Building on recent campus-based collaborations on the study of the body and creative research practice, “How We Make It” will be a hybrid-residential think tank devoted to archiving and analyzing the social life of Covid, particularly as it takes shape in the lives of those Covid patients who have come to be known as “long haulers” – those whose symptoms do not depart with the acute viral infection. The hope is to form a collaborative group, comprised mostly of scholar-artists from disability studies, medical anthropology, film and digital media (including documentary filmmakers), and intersectional feminist studies. Participants will undertake two simultaneous activities: first, working on ongoing individual research projects related to specific illness communities, both virtual and “in real life,” with both historical and contemporary examples, and how these are interacting with the new patient communities of Covid (or not); and second, archiving and analyzing, in real time, journalistic reportage, scientific output, patient group conversations, media representations, and other forms of cultural output and interaction related to Covid-19 long haulers.
Studying such emergent phenomena presents researchers with significant challenges: No one discipline or methodology can possibly give us the breadth of vision required to understand the changes that are rapidly taking place. It is vital, as a result, that scholars from across a variety of fields in the humanities, social sciences, arts, and natural sciences be in sustained conversation about the same kinds of stories, groups, and research findings.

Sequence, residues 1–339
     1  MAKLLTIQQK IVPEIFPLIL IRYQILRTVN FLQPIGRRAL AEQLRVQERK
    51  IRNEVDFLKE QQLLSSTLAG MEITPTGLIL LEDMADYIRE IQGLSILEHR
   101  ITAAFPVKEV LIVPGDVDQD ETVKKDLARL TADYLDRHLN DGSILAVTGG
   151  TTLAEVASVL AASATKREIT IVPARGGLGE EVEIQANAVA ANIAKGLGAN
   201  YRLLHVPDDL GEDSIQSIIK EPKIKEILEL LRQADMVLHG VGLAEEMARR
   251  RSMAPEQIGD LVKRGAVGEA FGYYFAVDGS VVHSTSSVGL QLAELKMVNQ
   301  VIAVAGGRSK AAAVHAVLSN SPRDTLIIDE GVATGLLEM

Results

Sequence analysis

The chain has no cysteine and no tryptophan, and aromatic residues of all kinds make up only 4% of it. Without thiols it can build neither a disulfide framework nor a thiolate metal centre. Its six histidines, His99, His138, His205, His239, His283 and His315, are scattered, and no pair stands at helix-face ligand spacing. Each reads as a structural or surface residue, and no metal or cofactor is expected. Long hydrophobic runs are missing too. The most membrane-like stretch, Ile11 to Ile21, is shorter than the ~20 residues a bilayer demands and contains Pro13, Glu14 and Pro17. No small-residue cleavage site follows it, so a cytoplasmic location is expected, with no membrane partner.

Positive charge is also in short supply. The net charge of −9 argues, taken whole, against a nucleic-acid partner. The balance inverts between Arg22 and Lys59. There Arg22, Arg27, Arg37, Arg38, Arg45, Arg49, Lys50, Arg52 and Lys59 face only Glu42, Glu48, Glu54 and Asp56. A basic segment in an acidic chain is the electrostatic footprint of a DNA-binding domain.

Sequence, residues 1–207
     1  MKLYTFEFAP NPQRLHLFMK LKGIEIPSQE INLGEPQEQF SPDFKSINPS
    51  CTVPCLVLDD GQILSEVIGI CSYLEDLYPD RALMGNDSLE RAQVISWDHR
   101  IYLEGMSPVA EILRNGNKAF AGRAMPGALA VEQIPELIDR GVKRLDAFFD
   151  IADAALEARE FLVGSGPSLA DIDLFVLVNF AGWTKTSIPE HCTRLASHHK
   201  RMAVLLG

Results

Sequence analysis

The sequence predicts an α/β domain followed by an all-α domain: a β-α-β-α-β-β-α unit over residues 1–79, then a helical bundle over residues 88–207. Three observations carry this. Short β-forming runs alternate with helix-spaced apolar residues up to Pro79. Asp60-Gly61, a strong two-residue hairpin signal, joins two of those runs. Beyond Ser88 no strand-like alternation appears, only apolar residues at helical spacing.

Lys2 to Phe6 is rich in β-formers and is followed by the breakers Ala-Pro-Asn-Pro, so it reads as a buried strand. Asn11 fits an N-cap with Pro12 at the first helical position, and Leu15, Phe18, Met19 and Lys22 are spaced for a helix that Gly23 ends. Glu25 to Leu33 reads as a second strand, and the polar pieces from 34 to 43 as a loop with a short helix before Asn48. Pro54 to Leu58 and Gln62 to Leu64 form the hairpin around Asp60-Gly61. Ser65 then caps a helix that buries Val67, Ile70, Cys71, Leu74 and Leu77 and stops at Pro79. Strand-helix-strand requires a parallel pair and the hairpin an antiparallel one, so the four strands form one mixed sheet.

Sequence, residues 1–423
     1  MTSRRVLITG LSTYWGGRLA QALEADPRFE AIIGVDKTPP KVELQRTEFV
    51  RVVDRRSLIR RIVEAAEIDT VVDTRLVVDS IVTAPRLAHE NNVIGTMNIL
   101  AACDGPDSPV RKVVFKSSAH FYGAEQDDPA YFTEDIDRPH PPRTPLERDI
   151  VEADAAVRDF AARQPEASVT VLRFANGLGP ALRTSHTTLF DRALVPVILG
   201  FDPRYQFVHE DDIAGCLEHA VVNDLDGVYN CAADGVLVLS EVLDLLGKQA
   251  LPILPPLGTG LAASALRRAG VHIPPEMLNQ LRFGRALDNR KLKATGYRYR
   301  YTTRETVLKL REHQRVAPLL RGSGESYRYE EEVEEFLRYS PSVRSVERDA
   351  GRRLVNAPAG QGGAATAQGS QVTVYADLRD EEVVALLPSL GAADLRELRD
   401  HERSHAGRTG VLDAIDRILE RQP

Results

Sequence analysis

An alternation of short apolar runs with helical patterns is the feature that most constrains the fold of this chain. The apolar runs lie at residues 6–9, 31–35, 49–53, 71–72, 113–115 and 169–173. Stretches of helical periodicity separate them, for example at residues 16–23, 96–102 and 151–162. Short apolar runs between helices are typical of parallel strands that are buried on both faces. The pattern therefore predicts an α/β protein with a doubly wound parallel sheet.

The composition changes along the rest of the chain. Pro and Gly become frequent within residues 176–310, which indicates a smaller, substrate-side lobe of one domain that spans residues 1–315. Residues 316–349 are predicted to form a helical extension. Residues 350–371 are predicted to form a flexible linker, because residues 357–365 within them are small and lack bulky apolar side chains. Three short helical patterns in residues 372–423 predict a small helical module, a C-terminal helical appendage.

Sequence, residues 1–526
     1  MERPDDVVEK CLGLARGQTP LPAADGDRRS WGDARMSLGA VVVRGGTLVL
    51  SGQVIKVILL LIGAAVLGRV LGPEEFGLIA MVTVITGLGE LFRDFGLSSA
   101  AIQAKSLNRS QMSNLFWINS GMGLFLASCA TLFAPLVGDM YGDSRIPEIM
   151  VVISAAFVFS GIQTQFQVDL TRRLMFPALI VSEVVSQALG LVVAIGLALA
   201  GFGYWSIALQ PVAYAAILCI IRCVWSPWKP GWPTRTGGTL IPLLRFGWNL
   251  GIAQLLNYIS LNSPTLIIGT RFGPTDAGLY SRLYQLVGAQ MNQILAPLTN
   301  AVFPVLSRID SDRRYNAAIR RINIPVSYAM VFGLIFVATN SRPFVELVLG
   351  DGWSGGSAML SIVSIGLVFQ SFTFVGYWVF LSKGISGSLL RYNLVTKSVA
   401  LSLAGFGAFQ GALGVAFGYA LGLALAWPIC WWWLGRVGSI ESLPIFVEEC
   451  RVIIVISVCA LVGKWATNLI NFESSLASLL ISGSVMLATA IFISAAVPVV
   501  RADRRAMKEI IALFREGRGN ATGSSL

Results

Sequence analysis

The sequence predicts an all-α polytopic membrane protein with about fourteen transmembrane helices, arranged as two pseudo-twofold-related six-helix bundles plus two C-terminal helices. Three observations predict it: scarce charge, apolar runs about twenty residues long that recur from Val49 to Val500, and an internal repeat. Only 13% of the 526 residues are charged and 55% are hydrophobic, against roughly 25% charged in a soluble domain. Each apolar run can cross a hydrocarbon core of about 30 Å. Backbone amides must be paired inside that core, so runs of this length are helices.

The RRG welcomes applicants interested in working on the collective archive and pursuing individual projects that grapple with issues such as (but not limited to):
- the social history of pandemics
- public health policy in the age of Covid-19
- the position of chronic illness in disability politics
- the Covid-19 and other coronaviruses, including epidemiology
- filmmaking as a tool in oral history and digital archive projects; special focus on sound
- illness and temporality.
This application is for those who specifically want to be considered for the RRG at UCHRI in Spring 2022. However, given the ongoing adaptability necessary for all research projects, this project will also have a second tier of remote research group participants. These individuals will be invited to remotely attend weekly research presentation meetings and collaborate on the long-Covid archive project. Unfortunately, we are not in a position to offer compensation, accommodation, or course buyout for remote participants. Please indicate on your application whether you would like to be considered as a non-residential/remote participant.
The RRG application is open to scholars across the UC system, and a limited number of non-UC scholars (as resources allow), interested in participating in the research agenda with their own unique projects. Applicants are strongly encouraged to contact their respective campus representative on the UCHRI Advisory Committee well in advance of the application deadline for guidance in the application process.
Applicants must apply online via Submittable. Required documents include:
- Short Biography (200 words max)
- Project Title and Abstract (200 words max)
- Project Description (2,000 words max. Please explain your personal research aims for the residence and explain how they relate to the collective research agenda)
- Curriculum Vitae (2 pages max)
Individual applicants are selected based on their ability to contribute to the research agenda of the group.
For program-related questions, please contact Suedine Nakano, community relations officer, at firstname.lastname@example.org. Please include the name of the grant for which you need assistance.